Casts are confusing in C#.

The syntax itself is simple: (Bar)foo casts the value foo to the type Bar. But this means two very different things for reference types and for value types.

For numeric value types, a cast performs a data conversion which may lead to data loss. For reference types, a cast does not convert anything, but just performs a runtime check if the types are compatible. But since the syntax is the same in both cases, this difference in behavior is unexpected.

Lets see how it differs:

Casts for reference types

Every object has an actual type. But any variable or parameter referencing an object also have a type which might be the same as the actual type but also could be a more general type.

Lets say we have this type hierarchy:

    [Control] 
      |    |
[Button] [TextBox]

Control is either a superclass or an interface, and it has the two subtypes: Button and TextBox. So we can have this this code:

Button b = new Button()
Control c = b;

Line 1 creates an object with the exact type of Button. Line 2 assigns a reference to this object to the variable c.

The variables b and c now reference the same object which have the actual type “Button”. But the variable c has the more general type Control.
A variable of one type can hold a reference to an object with a different actual type as long as the types are compatible.

So there is an implicit cast from Button to Control when assigning to c. This is allowed and does not require the cast syntax, since it is guaranteed to succeed, because a Button is guaranteed to be a Control.

We can check the actual type at runtime:

Console.Write(c.GetType().Name);  // Writes “Button”`

So GetType() always returns the actual type of the object, even if the variable holding the reference have a different type.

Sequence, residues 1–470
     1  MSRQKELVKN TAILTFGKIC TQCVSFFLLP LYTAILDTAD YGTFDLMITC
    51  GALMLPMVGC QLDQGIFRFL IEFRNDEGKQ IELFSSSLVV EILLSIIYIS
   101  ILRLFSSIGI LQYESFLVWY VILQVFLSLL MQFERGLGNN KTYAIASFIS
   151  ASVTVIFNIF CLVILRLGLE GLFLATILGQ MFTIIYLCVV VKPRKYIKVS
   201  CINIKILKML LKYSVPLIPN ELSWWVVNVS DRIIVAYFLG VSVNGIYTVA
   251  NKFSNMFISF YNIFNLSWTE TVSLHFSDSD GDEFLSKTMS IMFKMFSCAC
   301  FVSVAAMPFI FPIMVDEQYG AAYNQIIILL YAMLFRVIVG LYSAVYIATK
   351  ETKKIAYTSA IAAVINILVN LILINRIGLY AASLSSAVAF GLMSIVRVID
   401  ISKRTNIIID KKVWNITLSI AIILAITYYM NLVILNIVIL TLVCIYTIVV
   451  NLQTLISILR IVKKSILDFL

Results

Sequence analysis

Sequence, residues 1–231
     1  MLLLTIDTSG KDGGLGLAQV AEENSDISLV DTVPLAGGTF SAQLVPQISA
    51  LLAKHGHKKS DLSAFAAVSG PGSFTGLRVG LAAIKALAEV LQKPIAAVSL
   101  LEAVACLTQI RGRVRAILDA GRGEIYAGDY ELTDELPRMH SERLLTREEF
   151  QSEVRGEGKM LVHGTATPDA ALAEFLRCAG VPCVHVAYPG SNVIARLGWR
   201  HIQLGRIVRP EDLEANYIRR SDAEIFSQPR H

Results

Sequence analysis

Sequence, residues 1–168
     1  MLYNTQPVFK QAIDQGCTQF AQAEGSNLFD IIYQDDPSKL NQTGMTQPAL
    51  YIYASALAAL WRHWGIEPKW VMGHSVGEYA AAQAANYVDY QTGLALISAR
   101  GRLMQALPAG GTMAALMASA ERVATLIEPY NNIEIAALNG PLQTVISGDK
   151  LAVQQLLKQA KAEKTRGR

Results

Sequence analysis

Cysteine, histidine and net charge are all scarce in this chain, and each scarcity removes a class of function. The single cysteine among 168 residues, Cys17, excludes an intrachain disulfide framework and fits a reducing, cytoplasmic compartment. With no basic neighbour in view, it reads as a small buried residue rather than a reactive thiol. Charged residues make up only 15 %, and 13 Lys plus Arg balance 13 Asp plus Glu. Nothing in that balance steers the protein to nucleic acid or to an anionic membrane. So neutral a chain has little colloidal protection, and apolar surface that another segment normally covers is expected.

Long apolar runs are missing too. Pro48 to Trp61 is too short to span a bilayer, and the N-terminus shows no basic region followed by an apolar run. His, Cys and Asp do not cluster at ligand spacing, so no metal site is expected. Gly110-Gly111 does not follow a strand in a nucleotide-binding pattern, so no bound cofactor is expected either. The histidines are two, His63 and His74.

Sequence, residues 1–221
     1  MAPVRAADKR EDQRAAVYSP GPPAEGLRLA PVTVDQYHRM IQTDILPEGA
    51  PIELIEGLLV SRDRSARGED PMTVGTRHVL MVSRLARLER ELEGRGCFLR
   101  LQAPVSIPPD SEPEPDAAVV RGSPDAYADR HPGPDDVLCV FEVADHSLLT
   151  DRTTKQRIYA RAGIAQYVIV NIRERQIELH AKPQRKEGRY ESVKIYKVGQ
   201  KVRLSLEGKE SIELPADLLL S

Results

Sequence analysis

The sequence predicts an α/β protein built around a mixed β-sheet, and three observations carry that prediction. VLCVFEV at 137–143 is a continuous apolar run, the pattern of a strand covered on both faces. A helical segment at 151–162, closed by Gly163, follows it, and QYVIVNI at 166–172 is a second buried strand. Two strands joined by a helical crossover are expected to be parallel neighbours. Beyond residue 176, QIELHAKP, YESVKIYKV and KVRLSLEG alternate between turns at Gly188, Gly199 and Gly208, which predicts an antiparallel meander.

But we cannot just assign back to a more specific type:

Button d = c; // TYPE ERROR

Because c has type Control, it cannot safely be assigned to d, since there is no guarantee it is a Button. It could be a TextBox! So the compiler will not allow the assignment. But in this case we know better than the compiler – we know that c is guaranteed to be a Button. So we use the cast syntax to indicate we know what we are doing:

Button d = (Button)c;

The compiler accepts this, but C# is still paranoid enough to perform a check at runtime if the actual type really is a Button when the assignment is executed. If not, it throws an exception.
The important point is that the object is question is not altered in any way by these casts.
Casting is only allowed upwards and downwards in the type-hierarchy. Any other cast is forbidden.
For example:

Button b = new Button()
TextBox c = (TextBox)b;

Even with the explicit cast, the compiler will not allow this, since this would always fail at runtime anyway.

So there are three kinds of casts:

  • Safe cast – casts “upwards” in the hierachy does not require cast syntax
  • Unsafe cast – casts “downwards” in the hierachy requires the cast syntax and may fail at runtime if the object have a different actual type than expected